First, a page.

United States v. Chang Da Liu, 538 F. 3d 1078 (9th Cir. 2008)

Ming Yan Zheng and her husband Chang Da Liu opened a brothel in Saipan, the capital of the Commonwealth of the Northern Mariana Islands (“CMNI”). They recruited employees in China by advertising for positions as waitresses, nightclub performers and service workers. The materials promised wages of between $3,000 and $4,000 and required applicants to pay a $6,000 processing fee. Upon their arrival to CMNI, the employees were forced into prostitution. Six of the victims reported the situation to the FBI which resulted in Zheng and Liu’s convictions for conspiracy, sex trafficking, foreign transportation for prostitution and transportation of persons in execution of fraud. On appeal, Zheng challenged her conviction on several grounds, inter alia, that the court lacked jurisdiction to prosecute her. Zheng argued that the Federal Government lacked authority to prosecute her because Section 501 of the Covenant to Establish a Commonwealth of the Northern Mariana Islands in Political Union with the United States of America (“the Covenant”) limited the application of the criminal statutes under which she was convicted in the CMNI. According to Zheng, Section 501provides an exhaustive list of the provisions of the U.S. Constitution which apply to the CMNI. As such, she could not be prosecuted under the criminal statutes used to prosecute her because they were enacted under the commerce clause and that territorial clause, which provisions are not listed in Section 501 of the Covenant. The Court found Zheng’s argument to be lacking because Section 501 sets forth the Constitutional provisions which apply in the CNMI as if it were a state. By contrast, the commerce clause and the territorial clause apply to Congress and regulate its ability to enact legislation applicable to the CMNI. As such, the Court held that Congress had authority to legislate over the CMNI, and that the court had jurisdiction over Zheng. The Court pointed out that although Congress has authority to legislate over the CMNI, the Covenant does limit Congress’s powers with respect to legislation enacted after the Covenant’s effective date. For such legislation, the Court must balance the federal interest served by the legislation against the degree of intrusion into the CMNI’s local affairs. However, the Court found that the federal interest in combating international sex trafficking through the U.S. territories outweighs the intrusion into the CMNI’s local affairs.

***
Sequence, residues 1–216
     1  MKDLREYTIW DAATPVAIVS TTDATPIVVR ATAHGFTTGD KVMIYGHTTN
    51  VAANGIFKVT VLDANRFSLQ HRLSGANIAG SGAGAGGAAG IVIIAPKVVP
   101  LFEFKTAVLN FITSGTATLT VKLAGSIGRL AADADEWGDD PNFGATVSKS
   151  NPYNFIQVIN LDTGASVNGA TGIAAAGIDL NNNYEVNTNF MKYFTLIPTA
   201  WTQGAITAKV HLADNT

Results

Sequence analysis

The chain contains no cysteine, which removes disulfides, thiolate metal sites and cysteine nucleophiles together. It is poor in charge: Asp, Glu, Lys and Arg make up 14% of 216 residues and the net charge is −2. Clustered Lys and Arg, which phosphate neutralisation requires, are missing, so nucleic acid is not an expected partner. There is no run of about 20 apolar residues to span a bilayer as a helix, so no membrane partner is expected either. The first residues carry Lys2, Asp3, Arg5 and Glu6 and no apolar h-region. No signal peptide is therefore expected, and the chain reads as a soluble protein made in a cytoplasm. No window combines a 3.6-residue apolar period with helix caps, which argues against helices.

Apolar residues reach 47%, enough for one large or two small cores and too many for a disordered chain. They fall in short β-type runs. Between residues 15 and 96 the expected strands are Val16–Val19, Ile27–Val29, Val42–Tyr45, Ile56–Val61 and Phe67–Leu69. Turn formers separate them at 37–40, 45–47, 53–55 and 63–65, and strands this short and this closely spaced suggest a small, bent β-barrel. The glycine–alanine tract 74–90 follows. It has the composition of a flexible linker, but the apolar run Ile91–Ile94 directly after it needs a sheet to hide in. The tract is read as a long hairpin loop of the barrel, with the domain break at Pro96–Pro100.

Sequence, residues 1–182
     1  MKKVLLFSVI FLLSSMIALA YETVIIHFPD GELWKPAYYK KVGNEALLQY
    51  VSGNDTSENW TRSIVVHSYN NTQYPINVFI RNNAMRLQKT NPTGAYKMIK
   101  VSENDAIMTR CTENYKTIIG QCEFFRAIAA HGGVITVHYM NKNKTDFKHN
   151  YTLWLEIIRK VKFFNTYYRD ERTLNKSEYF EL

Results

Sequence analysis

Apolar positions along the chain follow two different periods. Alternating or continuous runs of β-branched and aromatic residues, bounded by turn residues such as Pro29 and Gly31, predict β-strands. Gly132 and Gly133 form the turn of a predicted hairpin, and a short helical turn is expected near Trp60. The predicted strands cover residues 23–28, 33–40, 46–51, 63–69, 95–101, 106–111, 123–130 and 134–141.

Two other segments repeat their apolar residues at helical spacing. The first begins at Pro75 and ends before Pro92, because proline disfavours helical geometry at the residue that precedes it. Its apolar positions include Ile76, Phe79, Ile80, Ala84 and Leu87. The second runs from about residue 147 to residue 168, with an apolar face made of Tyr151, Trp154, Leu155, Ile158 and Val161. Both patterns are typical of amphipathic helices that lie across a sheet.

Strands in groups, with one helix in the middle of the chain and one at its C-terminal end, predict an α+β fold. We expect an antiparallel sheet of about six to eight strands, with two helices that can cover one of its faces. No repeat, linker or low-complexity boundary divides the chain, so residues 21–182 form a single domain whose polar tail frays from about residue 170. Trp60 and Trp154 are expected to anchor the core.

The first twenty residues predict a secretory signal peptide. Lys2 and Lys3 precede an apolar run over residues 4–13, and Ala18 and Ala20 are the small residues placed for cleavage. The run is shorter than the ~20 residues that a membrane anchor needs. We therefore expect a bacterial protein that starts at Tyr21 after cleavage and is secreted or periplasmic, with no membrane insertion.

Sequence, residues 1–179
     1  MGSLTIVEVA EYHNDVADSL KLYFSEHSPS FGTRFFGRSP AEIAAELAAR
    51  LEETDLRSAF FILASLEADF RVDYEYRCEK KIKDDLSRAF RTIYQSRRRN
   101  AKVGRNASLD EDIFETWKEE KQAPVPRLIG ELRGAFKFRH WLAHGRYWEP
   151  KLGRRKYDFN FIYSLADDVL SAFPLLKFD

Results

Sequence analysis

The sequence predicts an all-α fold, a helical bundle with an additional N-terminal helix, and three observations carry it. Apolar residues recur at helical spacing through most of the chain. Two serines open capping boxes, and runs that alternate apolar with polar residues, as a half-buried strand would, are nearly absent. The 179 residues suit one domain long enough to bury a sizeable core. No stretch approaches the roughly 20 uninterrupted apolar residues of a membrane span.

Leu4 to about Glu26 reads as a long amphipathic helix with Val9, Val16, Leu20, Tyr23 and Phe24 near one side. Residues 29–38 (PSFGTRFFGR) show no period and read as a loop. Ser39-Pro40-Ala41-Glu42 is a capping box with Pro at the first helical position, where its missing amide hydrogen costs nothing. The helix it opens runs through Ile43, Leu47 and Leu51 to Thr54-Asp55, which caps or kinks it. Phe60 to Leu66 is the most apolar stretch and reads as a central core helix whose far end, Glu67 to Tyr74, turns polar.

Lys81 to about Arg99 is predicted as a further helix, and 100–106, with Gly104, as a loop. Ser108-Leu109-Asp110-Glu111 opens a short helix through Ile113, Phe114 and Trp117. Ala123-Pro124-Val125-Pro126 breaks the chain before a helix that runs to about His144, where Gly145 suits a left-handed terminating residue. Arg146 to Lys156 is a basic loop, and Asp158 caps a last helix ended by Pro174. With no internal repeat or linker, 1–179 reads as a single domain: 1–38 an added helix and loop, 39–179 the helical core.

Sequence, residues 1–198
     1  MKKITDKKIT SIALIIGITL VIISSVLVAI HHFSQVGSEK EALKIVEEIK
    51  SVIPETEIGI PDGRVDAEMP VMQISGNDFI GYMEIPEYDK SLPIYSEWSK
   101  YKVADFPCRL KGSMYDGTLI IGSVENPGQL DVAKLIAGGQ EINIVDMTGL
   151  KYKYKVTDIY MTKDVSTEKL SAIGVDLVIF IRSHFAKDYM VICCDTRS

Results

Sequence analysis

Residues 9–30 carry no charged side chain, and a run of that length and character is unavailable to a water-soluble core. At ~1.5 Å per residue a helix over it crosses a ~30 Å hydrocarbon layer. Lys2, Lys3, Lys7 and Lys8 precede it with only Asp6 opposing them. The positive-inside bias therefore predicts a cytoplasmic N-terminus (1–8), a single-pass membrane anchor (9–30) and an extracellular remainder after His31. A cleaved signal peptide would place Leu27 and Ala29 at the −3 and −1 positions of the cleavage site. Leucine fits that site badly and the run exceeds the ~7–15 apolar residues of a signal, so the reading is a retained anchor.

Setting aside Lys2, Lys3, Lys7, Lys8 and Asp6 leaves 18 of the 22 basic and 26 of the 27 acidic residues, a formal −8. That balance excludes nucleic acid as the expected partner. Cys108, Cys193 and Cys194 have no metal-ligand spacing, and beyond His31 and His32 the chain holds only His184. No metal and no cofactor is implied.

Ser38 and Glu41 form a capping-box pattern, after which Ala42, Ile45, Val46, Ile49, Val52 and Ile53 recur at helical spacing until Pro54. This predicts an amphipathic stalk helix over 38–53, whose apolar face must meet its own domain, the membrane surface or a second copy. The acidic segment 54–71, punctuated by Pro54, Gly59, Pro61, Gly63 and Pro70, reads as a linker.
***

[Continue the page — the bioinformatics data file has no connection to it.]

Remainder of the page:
Court of Appeals Ninth District

Avon Center work product